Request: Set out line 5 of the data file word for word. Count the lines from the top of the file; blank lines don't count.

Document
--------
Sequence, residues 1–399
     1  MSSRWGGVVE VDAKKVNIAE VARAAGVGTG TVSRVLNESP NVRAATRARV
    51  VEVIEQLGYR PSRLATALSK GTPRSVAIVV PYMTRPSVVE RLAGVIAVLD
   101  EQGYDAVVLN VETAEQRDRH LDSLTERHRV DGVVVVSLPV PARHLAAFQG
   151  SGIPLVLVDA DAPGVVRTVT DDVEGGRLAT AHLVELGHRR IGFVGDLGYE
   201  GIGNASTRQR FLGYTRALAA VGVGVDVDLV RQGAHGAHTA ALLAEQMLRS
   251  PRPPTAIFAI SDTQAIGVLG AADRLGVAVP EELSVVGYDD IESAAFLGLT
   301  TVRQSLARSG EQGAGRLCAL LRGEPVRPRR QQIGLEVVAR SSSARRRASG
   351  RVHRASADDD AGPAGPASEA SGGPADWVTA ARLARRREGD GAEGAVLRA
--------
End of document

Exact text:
   151  SGIPLVLVDA DAPGVVRTVT DDVEGGRLAT AHLVELGHRR IGFVGDLGYE